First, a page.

The initial combat in Ori and the Will of the Wisps comes when you find a flaming torch. Using the left mouse button or pressing ‘Z’ enables you to swipe at monsters. Abilities come in the form of light burst that replaces your torch after a scary waterfall sequence, double jump, wall jump, stomp and bash. Spirit shards are equippable upgrades found through general gameplay and can be purchased from npc vendors. Where the spirit shards differ from Blind Forest is they can be hot swapped and upgraded in any order that suits your play style. You are initially limited by the number of shard slots you have, with a maximum of 8 equippable towards the end of the game, out of a total 35 that you can obtain. Spirit shards give you passive abilities such as energy efficiency (reducing energy costs), magnet (orbs float to Ori from half a screen away), to enhancement abilities such as triple jump (so bloody useful), splinter (splitting projectiles into three with 33% damage each) or sticky (stick and climb on walls).

I always had my staple spirit shards I relied on, and then was able to trial other ones with my last slot depending on the situation. Some spirit shards also come at a cost, like reckless which increases the damage you deal by 15%, but also increases the damage taken by 15%, so it’s a tradeoff. Shard slots are unlocked by completing Combat Shrines through the world. These throw waves of monsters at you that you must defeat for rewards. Another big addition to Ori and the Will of the Wisps is Spirit Trials. These metroidvania style platform games often attract speedrunners – gamers who work hard to find the best and fastest route to complete sections of games, or world record completions of whole games.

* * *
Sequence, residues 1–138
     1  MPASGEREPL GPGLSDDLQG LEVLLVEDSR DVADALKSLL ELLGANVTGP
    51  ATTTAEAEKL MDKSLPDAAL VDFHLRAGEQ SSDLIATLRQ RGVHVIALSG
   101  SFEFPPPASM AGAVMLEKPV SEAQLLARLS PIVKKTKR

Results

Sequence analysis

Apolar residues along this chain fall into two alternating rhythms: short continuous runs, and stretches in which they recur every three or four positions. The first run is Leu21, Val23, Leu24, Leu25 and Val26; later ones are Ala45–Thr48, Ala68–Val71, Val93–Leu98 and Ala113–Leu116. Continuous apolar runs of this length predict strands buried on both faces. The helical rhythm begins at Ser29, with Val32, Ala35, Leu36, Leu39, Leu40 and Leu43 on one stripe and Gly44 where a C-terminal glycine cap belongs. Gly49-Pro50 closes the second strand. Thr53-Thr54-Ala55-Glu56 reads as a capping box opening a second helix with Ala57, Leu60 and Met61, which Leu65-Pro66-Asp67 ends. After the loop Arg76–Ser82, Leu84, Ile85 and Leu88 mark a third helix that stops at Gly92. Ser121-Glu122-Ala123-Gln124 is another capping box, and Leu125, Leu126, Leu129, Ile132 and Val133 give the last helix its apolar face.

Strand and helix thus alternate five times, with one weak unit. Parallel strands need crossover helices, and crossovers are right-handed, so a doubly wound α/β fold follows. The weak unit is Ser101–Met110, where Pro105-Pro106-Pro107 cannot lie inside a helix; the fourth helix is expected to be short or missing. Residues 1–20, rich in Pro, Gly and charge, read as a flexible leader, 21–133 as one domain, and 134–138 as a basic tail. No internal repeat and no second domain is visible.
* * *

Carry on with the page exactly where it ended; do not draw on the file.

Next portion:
I have never delved in speed running, often because I can get frustrated by constant defeated attempts to pass an area that I get impatient and move on. However, when I came across the first spirit trial and watched as the game showed me the path I had to take, I immediately gave it a go, and boy was I hooked on these. It shows you a ghost of Ori which sets the par for the course. I’m unsure if this is the ghost of the next online player who did the course faster than me, as there are in-game leaderboards for these spirit trials. However, after only a couple of attempts I was successful in completing the first trial and I was hungry for more.

This brings me back to a point I made earlier. The music of Ori and the Will of the Wisps is just so damn beautiful. Mix it with the soft art aesthetics of the game, with a depth perception that had me staring at the backdrops in wonder. And no matter how bloody frustrating some of the challenges were, I just couldn’t get mad at the game. I was constantly stopping what I was doing to marvel at the amazing environment art I was in at the time – in particular some of the underwater scenes. I loved how the sound muffled slightly when I was underwater. I was streaming my gameplay and It’s these subtle changes that add so much to the atmosphere of this game which viewers enjoyed.

I was told Act 1 takes around 3-4 hours to complete – it took me 9, and I could have taken longer. The alure of seeing ‘100% complete’ on each of the map zones kept driving me to jump, dash and grapple further within each zone. The ability to warp around the zones was incredible and so useful, considering the pace at which you unlock abilities. You must be willing to move on quickly from a currently impassable obstacle/area, with the knowledge that you will eventually unlock that particular ability. The game’s map shows all of the grey areas that you haven’t been able to get to, and they become reminders of where you can go next if you are looking for a change of scenery.

Overall, I am in absolute love with Ori and the Will of the Wisps. It’s been a long time since a game has appealed to all of my gaming senses, with its gorgeous environments and backdrops, the fluid movement and combat, and music that perfectly ties this all together and plays with your emotions. I highly recommend all gamers give Ori and the Will of the Wisps a chance, even if platformers aren’t your style.

This review utilised an Xbox game key provided by Microsoft/Xbox for review purposes. Ori and the Will of the Wisps available now on Xbox, Steam and Nintendo Switch.